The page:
Coober Pedy is a town in the northern area of South Australia. Geographically, that places it just a bit southward of the center of the country. It’s a fairly barren area as far as vegetation goes, but it has proven to possess one resource in abundance: opals. In the latter half of the nineteenth century opals were discovered in what was then called Stuart Range. Miners, and sometimes their families, moved to the area to remove opals from the ground. Large shafts and caves were carved out. Thankfully, due to the very stable soil and rock, cave-ins were extremely rare.
In 1920, enough people lived at the Stuart Range to warrant a post office, but a problem arose: an existing Australian town named Stuart Range. Town leaders came together to decide upon a new name, and they eventually settled on one which had its roots in the aboriginal language. Specifically, Coober Pedy, which translated to “White Man in a Hole”.
Their town name has since become unusually appropriate.
Australian soldiers had joined on the side of the British during World War I, and had spent months and even years living in the trenches. Some survivors, upon taking up civilian jobs of mining in the newly renamed Coober Pedy, realized that decades of excavation had resulted in some shafts and caverns which provided not only stability but also protection from the elements and a year-round comfortable temperature. Having been created for human habitation (however temporary it was expected to be at the time) they were also well ventilated.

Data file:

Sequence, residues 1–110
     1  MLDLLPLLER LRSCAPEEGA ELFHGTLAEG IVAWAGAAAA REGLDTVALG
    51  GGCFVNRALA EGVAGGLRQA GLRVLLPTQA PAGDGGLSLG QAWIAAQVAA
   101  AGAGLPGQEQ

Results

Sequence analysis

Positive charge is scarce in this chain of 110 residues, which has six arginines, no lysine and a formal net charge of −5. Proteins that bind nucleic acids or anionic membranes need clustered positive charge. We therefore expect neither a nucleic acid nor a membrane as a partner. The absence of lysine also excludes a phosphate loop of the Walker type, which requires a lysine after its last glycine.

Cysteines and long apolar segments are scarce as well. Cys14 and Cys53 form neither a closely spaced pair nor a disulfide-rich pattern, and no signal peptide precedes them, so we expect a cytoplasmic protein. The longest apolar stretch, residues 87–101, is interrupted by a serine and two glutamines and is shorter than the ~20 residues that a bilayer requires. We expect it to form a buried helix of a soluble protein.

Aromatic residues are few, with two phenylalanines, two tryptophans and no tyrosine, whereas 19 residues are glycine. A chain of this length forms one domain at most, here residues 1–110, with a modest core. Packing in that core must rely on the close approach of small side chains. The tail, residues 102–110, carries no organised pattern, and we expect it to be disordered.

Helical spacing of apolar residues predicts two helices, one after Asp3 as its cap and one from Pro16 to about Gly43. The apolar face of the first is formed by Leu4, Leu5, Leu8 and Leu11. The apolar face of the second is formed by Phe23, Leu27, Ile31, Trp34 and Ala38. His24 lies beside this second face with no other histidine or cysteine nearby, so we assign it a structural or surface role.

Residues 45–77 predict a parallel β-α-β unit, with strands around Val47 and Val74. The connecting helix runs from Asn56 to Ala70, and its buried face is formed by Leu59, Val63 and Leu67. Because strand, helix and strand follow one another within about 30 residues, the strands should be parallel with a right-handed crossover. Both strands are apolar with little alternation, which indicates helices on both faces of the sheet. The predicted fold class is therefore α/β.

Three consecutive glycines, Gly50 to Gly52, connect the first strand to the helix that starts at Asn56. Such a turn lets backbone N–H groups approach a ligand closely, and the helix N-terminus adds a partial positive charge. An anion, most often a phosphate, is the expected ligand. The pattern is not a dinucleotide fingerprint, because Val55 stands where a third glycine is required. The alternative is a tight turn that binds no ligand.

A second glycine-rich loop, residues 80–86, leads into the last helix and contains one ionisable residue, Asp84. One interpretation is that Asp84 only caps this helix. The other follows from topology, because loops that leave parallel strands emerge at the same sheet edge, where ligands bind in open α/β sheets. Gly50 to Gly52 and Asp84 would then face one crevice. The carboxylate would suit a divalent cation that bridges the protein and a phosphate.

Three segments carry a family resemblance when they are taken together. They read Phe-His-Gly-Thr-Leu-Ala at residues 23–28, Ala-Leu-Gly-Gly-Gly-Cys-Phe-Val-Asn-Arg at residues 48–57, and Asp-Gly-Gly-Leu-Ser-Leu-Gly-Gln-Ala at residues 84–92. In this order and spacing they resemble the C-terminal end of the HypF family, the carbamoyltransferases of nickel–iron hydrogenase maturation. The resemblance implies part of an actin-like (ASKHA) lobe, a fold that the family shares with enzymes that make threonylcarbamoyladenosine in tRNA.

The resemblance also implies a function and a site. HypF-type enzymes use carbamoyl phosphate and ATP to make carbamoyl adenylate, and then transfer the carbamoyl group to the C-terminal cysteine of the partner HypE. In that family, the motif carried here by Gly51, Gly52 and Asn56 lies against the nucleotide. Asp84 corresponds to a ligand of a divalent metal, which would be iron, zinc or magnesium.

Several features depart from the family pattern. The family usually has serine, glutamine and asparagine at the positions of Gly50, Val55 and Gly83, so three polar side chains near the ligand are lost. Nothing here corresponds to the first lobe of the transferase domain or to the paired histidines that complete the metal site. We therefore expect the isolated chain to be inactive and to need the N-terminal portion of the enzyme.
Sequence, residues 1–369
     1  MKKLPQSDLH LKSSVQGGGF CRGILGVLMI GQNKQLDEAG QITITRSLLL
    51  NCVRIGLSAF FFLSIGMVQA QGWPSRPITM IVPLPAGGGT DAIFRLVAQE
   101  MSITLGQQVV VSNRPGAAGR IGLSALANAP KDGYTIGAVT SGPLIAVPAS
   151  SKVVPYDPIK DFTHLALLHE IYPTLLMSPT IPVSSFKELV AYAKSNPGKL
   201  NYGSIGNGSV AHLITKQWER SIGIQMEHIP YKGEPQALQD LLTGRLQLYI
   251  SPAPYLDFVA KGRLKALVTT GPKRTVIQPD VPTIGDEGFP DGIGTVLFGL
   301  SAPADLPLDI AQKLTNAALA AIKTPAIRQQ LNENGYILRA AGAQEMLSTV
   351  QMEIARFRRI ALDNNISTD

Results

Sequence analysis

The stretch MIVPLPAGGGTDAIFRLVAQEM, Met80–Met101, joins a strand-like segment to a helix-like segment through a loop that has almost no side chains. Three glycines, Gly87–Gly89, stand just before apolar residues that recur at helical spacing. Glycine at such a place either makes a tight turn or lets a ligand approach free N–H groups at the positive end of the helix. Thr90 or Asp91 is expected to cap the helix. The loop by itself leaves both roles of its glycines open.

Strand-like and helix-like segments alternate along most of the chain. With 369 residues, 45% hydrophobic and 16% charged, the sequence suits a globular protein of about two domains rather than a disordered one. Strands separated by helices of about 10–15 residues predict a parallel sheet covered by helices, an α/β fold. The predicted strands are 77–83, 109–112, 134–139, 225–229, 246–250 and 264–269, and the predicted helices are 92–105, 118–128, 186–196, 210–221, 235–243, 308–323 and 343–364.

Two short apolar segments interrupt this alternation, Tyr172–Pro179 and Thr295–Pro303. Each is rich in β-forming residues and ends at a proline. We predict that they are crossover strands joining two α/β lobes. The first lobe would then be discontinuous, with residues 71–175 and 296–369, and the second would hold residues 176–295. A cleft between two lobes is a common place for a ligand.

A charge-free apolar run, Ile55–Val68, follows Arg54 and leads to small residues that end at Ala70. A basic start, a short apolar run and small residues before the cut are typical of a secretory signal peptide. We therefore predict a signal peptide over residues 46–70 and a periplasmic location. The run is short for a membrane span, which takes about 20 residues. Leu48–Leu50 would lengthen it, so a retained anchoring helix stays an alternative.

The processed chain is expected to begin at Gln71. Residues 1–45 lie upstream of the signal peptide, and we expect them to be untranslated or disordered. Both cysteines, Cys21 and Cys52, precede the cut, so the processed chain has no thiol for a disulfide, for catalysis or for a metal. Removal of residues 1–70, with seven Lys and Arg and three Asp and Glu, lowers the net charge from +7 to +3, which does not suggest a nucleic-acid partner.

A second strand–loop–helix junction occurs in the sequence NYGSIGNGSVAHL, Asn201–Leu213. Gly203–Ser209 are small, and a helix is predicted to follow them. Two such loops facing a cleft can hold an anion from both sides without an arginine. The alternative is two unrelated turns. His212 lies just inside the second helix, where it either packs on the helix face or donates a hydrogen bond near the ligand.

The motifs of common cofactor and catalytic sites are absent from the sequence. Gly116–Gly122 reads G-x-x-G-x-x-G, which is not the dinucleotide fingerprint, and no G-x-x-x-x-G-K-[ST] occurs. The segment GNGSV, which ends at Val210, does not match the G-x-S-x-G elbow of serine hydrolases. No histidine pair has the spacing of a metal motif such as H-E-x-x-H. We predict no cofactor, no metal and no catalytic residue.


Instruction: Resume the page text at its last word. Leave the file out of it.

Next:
Former trench soldiers didn’t simply become miners, they became homeowners… and those homes were disused mine shafts.
The tradition continues to this day. In a town with an estimated population of 2500, about half of the residents live underground. As there were only so many shafts available, most of the new homes have been excavated directly from hills and have never been used for opal extraction.
The town has a variety of tourist attractions including the expected opal museum and opal mine and events like kangaroo feeding and outback tours. If you just want to see something strange, you can go see the Big Winch… which is, as one might guess, a giant decorative winch. If you’re a movie buff, you can try to identify the locations used for Mad Max: Beyond Thunderdome; Priscilla, Queen of the Desert; Red Planet or Pitch Black (this one’s easy, because the film crew left the spaceship behind). For visitors wanting a taste of local housing, it also houses the only full-service international underground hotel in the world, the Desert Cave Hotel.
Question of the night: Have you had any memorable hotel stays?